Sasha's Reviews > The Lover's Dictionary

The Lover's Dictionary by David Levithan
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Jul 19, 2011

bookshelves: to-read, young-adult, 2011-publication

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Quotes Sasha Liked

David Levithan
“Trying to write about love is ultimately like trying to have a dictionary represent life. No matter how many words there are, there will never be enough.”
David Levithan, The Lover's Dictionary

David Levithan
“It scares me how hard it is to remember life before you. I can't even make the comparisons anymore, because my memories of that time have all the depth of a photograph. It seems foolish to play games of better and worse. It's simply a matter of is and is no longer.”
David Levithan, The Lover's Dictionary

David Levithan
“I want my own books to have their own shelves," you said, and that's how I knew it would be okay to live together.”
David Levithan, The Lover's Dictionary

David Levithan
abstraction, n.

Love is one kind of abstraction. And then there are those nights when I sleep alone, when I curl into a pillow that isn't you, when I hear the tiptoe sounds that aren't yours. It's not as if I can conjure you up completely. I must embrace the idea of you instead.”
David Levithan, The Lover's Dictionary

David Levithan
“There are times when I worry that I've already lost myself. That is, that my self is so inseparable from being with you that if we were to separate, I would no longer be. I save this thought for when I feel the darkest discontent. I never meant to depend so much on someone else.”
David Levithan, The Lover's Dictionary

David Levithan
“In school, the year was the marker. Fifth grade. Senior year of high school. Sophomore year of college. Then after, the jobs were the marker. That office. This desk. But now that school is over and I've been working at the same place in the same office at the same desk for longer than I can truly believe, I realize: You have become the marker. This is your era. And it's only if it goes on and on that will have to look for other ways to identify the time.”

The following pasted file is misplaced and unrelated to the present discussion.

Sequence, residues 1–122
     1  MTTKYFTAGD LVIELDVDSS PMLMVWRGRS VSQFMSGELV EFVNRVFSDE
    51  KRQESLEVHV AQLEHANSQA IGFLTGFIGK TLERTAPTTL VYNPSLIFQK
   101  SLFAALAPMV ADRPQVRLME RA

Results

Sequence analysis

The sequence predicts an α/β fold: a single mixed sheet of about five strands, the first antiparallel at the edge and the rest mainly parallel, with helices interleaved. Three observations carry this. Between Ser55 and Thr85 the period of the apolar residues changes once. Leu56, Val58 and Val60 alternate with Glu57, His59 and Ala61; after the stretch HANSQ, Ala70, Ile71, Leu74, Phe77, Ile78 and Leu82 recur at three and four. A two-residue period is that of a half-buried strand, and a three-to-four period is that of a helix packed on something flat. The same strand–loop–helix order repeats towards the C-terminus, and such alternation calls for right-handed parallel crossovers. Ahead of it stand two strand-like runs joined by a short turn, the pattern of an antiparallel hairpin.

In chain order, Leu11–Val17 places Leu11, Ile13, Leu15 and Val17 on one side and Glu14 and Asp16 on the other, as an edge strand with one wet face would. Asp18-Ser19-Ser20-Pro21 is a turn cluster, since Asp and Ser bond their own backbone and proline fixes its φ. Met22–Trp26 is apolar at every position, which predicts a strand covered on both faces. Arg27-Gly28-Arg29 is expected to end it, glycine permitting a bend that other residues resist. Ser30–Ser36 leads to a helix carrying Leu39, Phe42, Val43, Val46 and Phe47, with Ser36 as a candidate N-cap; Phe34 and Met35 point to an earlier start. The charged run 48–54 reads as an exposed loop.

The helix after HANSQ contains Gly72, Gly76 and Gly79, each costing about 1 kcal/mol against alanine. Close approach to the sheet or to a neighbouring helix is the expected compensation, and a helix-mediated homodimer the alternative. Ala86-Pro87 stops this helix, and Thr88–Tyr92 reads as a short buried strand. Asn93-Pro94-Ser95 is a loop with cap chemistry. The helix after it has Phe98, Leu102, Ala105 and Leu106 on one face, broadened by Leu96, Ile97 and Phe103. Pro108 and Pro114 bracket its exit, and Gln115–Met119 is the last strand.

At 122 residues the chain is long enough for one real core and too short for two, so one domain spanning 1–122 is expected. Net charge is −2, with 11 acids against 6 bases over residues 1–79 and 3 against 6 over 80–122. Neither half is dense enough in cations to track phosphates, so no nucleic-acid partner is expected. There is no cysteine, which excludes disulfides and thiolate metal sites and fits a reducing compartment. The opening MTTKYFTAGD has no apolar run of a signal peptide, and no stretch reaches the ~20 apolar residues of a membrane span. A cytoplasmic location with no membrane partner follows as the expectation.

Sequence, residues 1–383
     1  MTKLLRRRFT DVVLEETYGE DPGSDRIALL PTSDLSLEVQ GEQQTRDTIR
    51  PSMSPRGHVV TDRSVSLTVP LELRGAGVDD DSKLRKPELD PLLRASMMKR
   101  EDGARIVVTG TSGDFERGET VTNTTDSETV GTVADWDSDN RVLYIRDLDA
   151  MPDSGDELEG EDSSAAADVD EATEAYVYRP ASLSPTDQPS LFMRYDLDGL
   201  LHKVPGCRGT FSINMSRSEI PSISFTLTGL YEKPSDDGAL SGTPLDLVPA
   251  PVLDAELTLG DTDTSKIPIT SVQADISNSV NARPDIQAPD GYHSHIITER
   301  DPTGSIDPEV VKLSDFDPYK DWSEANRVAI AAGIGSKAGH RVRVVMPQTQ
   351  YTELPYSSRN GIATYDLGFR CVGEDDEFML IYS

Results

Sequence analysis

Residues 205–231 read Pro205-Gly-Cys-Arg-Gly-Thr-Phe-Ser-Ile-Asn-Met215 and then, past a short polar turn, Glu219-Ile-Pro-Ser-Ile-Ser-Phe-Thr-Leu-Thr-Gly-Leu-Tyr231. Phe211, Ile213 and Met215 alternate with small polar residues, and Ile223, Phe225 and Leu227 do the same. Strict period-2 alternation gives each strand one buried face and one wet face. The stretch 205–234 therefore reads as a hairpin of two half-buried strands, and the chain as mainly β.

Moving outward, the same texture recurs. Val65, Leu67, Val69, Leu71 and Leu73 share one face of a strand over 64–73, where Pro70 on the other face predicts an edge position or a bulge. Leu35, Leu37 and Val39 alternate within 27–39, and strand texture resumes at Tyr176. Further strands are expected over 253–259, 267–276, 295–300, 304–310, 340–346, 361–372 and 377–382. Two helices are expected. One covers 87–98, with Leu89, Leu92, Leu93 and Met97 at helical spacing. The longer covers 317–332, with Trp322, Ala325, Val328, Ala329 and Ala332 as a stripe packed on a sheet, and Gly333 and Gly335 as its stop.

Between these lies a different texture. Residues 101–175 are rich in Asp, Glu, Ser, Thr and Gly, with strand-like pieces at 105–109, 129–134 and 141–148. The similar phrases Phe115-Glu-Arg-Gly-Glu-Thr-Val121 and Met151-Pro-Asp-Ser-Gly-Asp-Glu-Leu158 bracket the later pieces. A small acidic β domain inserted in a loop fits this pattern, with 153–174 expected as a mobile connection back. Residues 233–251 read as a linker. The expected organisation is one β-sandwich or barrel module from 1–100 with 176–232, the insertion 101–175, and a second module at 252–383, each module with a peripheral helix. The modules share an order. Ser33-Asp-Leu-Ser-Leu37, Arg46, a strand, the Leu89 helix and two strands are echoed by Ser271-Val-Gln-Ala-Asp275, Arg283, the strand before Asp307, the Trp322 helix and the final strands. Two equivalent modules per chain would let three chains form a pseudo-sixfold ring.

David Levithan, The Lover's Dictionary

David Levithan
recant, v.

I want to take back at least half of the “I love you”s, because I didn’t mean them as much as the other ones. I want to take back the book of artsy photos I gave you, because you didn’t get it and said it was hipster trash. I want to take back what I said about you being an emotional zombie. I want to take back the time I called you “honey” in front of your sister and you looked like I had just shown her pictures of us having sex. I want to take back the wineglass I broke when I was mad, because it was a nice wineglass and the argument would have ended anyway. I want to take back the time we had sex in a rent-a-car, not because I feel bad about the people who got in the car after us, but because it was massively uncomfortable. I want to take back the trust I had while you were away in Austin. I want to take back the time I said you were a genius, because I was being sarcastic and I should have just said you’d hurt my feelings. I want to take back the secrets I told you so I can decide now whether to tell them to you again. I want to take back the piece of me that lies in you, to see if I truly miss it. I want to take back at least half the “I love you”s, because it feels safer that way.”
David Levithan, The Lover's Dictionary

David Levithan
“The key to a successful relationship isn’t just in the words, it’s in the choice of punctuation. When you’re in love with someone, a well-placed question mark can be the difference between bliss and disaster, and a deeply respected period or a cleverly inserted ellipsis can prevent all kinds of exclamations.”
David Levithan, The Lover's Dictionary
tags: love

David Levithan
“Even when I detach, I care. You can be separate from a thing and still care about it. If I wanted to detach completely, I would move my body away. I would stop the conversation midsentence. I would leave the bed. Instead, I hover over it for a second. I glance off in another direction. But I always glance back at you.”
David Levithan, The Lover's Dictionary

David Levithan
“Which is more stubborn, the love or the two arguing people caught within it?”
David Levithan, The Lover's Dictionary

David Levithan
awhile, adv.

I love the vagueness of words that involve time. 'It took him awhile to come back' -- it could be a matter of minutes or hours, days or years.
It is easy for me to say it took me awhile to know. That is about as accurate as I can get. There were sneak previews of knowing, for sure. Instance that made me feel, oh, this could be right, But the moment I shifted from a hope that needed to be proven to a certainty that would be continually challenged? There's no pinpointing that.
Perhaps it never happened. Perhaps it happened while I was asleep. Most likely, there's no signal event. There's just the steady accumulation of 'awhile'.”
David Levithan, The Lover's Dictionary


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